While she hid with her family from the Nazis for nearly two years inside a secret annexe of an apartment in Amsterdam, 14 year old Anne Frank poured out her heart into a diary, recording her every feeling. She didn’t survive the war. She was betrayed and died at the Nazi concentration camp in Bergen-Belsen. Her father, Otto, managed to survive and when he went back to that secret annexe after the war, the Red Cross handed him Anne’s diary.
This remarkable piece of writing has since been published in 60 different languages and sold more than 30 million copies, as ‘Anne Frank – The diary of a young girl’. I have never been so moved by anything I have read. Knowing what happens to her in the end, one can’t read the diary at a stretch. One has to give it a break or otherwise it tends to overwhelm you. Rarely do you come across goodness and innocence in such a massive dose.
In her diary, Anne Frank made an observation that amazed me in it’s simplicity and awed me in it’s simple faith and truth. Just a day before her diary entries stopped forever when someone betrayed their hiding place, Frank wrote,” Human beings are by nature, good and they want to act and feel good and be seen as being good.’
If only just briefly, Christmas brings back into view all those things that are good and just, within us.
Another testament to the innate goodness in human beings unfolded inside a log cabin, deep in the forests of Ardennes, Belgium, on Christmas Eve, 1944. The concluding skirmishes of The Battle of the Bulge were playing themselves out, between American General Omar Bradley’s 12th Army Group and Generalfeldmarschall Gert Von Runstedt’s Army Group B.
By then it had become clear to even the Wehrmacht infantrymen that for them, the war was all but lost.
Fritz Vincken was a 12 year old boy who lived in that log cabin with his mother, Elisabeth. Fritz’s father, who served as a baker in the German Army, was away at the German front lines at the time, baking bread for the Wehrmacht soldiers.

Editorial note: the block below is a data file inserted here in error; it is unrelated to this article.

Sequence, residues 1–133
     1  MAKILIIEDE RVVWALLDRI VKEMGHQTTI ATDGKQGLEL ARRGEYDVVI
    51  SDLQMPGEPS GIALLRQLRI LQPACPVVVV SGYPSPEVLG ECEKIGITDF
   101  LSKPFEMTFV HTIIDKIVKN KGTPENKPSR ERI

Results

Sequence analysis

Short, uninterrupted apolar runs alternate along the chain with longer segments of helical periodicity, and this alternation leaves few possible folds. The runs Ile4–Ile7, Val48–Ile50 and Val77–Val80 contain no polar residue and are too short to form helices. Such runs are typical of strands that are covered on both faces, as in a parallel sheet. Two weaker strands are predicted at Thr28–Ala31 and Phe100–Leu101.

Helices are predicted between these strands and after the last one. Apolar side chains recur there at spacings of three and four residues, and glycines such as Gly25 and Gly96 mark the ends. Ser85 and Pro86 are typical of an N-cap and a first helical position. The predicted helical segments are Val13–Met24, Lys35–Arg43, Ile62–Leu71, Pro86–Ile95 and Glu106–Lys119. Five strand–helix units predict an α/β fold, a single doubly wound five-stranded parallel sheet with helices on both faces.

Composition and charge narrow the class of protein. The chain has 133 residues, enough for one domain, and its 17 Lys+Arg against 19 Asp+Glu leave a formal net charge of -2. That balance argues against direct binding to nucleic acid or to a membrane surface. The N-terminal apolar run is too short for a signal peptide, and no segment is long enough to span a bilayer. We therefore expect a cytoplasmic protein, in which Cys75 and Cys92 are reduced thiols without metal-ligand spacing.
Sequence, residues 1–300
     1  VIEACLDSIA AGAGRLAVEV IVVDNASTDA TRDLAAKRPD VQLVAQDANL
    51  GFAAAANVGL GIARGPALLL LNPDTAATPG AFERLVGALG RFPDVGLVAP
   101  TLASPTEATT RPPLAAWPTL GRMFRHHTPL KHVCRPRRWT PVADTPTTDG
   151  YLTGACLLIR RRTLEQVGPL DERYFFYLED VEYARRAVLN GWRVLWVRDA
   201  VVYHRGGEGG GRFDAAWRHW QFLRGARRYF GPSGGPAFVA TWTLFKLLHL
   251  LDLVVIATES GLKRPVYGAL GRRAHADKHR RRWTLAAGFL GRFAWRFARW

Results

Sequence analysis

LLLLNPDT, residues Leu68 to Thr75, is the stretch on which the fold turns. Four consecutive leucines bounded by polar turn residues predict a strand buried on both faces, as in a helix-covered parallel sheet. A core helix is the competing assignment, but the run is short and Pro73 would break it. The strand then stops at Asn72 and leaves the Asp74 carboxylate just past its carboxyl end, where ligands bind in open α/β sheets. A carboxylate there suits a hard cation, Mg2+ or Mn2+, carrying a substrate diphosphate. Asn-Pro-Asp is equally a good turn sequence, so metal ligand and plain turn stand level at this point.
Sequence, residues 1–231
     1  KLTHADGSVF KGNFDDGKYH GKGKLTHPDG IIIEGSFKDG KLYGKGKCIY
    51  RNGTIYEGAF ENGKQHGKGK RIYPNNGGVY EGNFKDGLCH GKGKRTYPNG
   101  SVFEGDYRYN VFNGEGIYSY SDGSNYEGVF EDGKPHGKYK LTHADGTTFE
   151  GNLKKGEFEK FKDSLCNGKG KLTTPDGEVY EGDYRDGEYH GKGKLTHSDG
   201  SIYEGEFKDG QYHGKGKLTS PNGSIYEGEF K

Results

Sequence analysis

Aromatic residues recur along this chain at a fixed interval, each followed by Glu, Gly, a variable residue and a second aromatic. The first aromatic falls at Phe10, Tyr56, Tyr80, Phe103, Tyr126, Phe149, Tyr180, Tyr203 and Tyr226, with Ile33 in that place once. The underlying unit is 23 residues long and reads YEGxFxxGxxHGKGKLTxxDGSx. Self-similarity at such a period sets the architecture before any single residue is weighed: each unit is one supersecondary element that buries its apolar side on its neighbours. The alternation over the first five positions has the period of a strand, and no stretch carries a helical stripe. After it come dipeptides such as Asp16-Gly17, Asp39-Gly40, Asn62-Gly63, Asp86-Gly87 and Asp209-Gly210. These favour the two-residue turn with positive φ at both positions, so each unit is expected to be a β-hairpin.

Fritz Vincken, as a boy, 1944 (Photo source: Wikimedia)
As darkness fell and a blizzard picked up, three American soldiers found their way to this isolated cottage, carrying one of their wounded with them. Fritz’s mother recognized their need and decided to let them in, even though she could be executed for sheltering the enemy. She and Fritz spoke no English, but used hand gestures to invite them in.
Not long after, there was a knock on the door and Fritz and his mother realized that German soldiers were outside. Fritz’s mother told the Germans that they could have a nice hot meal, but first they must leave their guns outside because she had visitors inside and that even though they may not be friendly visitors, this was Christmas Eve.
After some tense moments, things settled down and the German and American soldiers shared a hot meal together on that special night and the German soldiers even treated the wounds of the American. They parted company in the morning after having shared one restful night of peace. They let the Americans have a compass and directions back to their front lines. They also let one of them, a mere 14 year old German boy soldier, to go along with the Americans and save himself.
Fritz Vincken moved to Hawaii and then Oregon after the war, where he became a baker like his father. Vincken died in 2002, at the age of 69. In that same year the incident was made into a 100 minute long TV film ‘Silent Night’ (starring Linda Hamilton as Elisabeth Vincken), a definite must-see if you like to feel good at Christmas.
I leave you with excerpts from an interview with Fritz Vincken done in February, 1997……
Q: Why do you think that the German soldiers didn’t turn you in?
A: I think it was my mother’s personality and her persuasiveness to have them rest for one peaceful night. They found a place to stay, hot food, and shelter from the cold and they appreciated that.
Q: Have you ever been reunited with the German or American soldiers you and your mother helped that Christmas Eve night?
A: Yes, I have been reunited with two of the American soldiers, but not the German soldiers. I was reunited with Ralph Blank at his nursing home in 1996. I waited 51 years for the moment. The TV show “Unsolved Mysteries” helped me to find him. The first thing he said was ‘Your mother saved my life.’
Fritz Vincken with Ralph Blank in 1996
Q: What are your feelings of that night in 1944?
A: Many years have gone by since that bloodiest of all wars, but the memories of that night in the Ardennes never left me. The inner strength of a single woman, who, by her wits and intuition, prevented potential bloodshed, taught me the practical meaning of the words: “Good will Toward Mankind.” That night, seven young soldiers met as enemies and parted as friends, all because of one woman.
Christmas leaves me mushy. If its any time after December 20th and you prick me, I’ll burst into tears.